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Farmers Almanac
The 2014 Farmers Almanac
Farmers' Almanac

Summer Will Sizzle, Predicts Farmers’ Almanac

PRESS RELEASE
DATE: May 24, 2012
FOR IMMEDIATE RELEASE

Contact: Peter Geiger, Philom., Editor 207-755-2246 – pgeiger@farmersalmanac.com

Sandi Duncan, Philom., Managing Editor, 207-755-2349 – sduncan@farmersalmanac.com

Summer Will Sizzle, Predicts Farmers’ Almanac

LEWISTON, Maine — After the past year’s exceptionally hot, dry summer and lackluster winter across most of the United States and Canada, the Farmers’ Almanac has revealed predictions for another extreme summer.

“Get out your sunscreen! We’re in for a scorcher,” warns Farmers’ Almanac editor Peter Geiger, Philom.

For the coming summer, the 195-year-old publication is predicting ¬unseasonably hot and dry weather will be on tap for the Rockies and Great Plains, as well as the eastern states, while the Pacific Northwest will see below-normal precipitation.

On the other side of the coin, the Great Lakes and the Midwest are expected to see above-normal precipitation from locally heavy showers and thunderstorms.

Across the Southeast the Farmers’ Almanac is calling for typical summer weather, complete with oppressively high humidity, very warm-to-hot temperatures and the ongoing threat of pop-up showers and thunderstorms, particularly in the late afternoons and evenings. The Southwest should also experience normal summer weather: hot and mainly dry, save for the seasonal monsoon showers and scattered thunderstorms over the deserts.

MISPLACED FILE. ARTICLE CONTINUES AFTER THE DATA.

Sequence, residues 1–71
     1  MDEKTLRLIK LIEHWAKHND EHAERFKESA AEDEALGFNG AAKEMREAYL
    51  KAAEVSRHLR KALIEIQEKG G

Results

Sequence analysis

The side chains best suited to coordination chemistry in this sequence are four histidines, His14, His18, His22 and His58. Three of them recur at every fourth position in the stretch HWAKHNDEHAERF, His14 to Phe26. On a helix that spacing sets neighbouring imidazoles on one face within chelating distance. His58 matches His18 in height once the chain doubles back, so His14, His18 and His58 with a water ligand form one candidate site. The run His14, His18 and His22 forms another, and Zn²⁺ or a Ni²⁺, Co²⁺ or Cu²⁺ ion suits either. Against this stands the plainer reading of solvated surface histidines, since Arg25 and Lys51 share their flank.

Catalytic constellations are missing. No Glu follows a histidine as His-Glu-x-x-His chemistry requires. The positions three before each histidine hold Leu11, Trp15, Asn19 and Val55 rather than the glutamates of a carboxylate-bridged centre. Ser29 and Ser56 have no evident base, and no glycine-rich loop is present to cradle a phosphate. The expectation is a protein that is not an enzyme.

“Look for a hot spell just about everywhere in late June, with temperatures soaring into the 100s in many areas, followed by stormy weather that will hopefully cool things down,” says Geiger.

The heat will remain turned up across North America in July, with unsettled conditions, thunderstorms, and another exceptional heat wave toward the middle of the month.

Temperatures are expected to stay high moving into August, with more thunderstorms, except in the plains states, where things should stay relatively dry.

The Farmers’ Almanac bases its long-range weather forecasts on a top-secret mathematical and astronomical formula that figures in sunspot activity, tidal action, the position of the planet in relation to the Sun, as well as a number of other factors. Faithful readers of the Farmers’ Almanac estimate that its annual weather forecast is accurate between 80 and 85 percent of the time. For more information about weather, astronomy, and the best days for planting, fishing and more, pick up a copy of the 2011 Farmers’ Almanac or visit on the Web at www.farmersalmanac.com

If you notice a hole in the upper left-hand corner of your Farmers' Almanac, don't return it to the store! That hole isn't a defect; it's a part of history. Starting with the first edition of the Farmers' Almanac in 1818, readers used to nail holes into the corners to hang it up in their homes, barns, and outhouses (to provide both reading material and toilet paper). In 1910, the Almanac's publishers began pre-drilling holes in the corners to make it even easier for readers to keep all of that invaluable information (and paper) handy.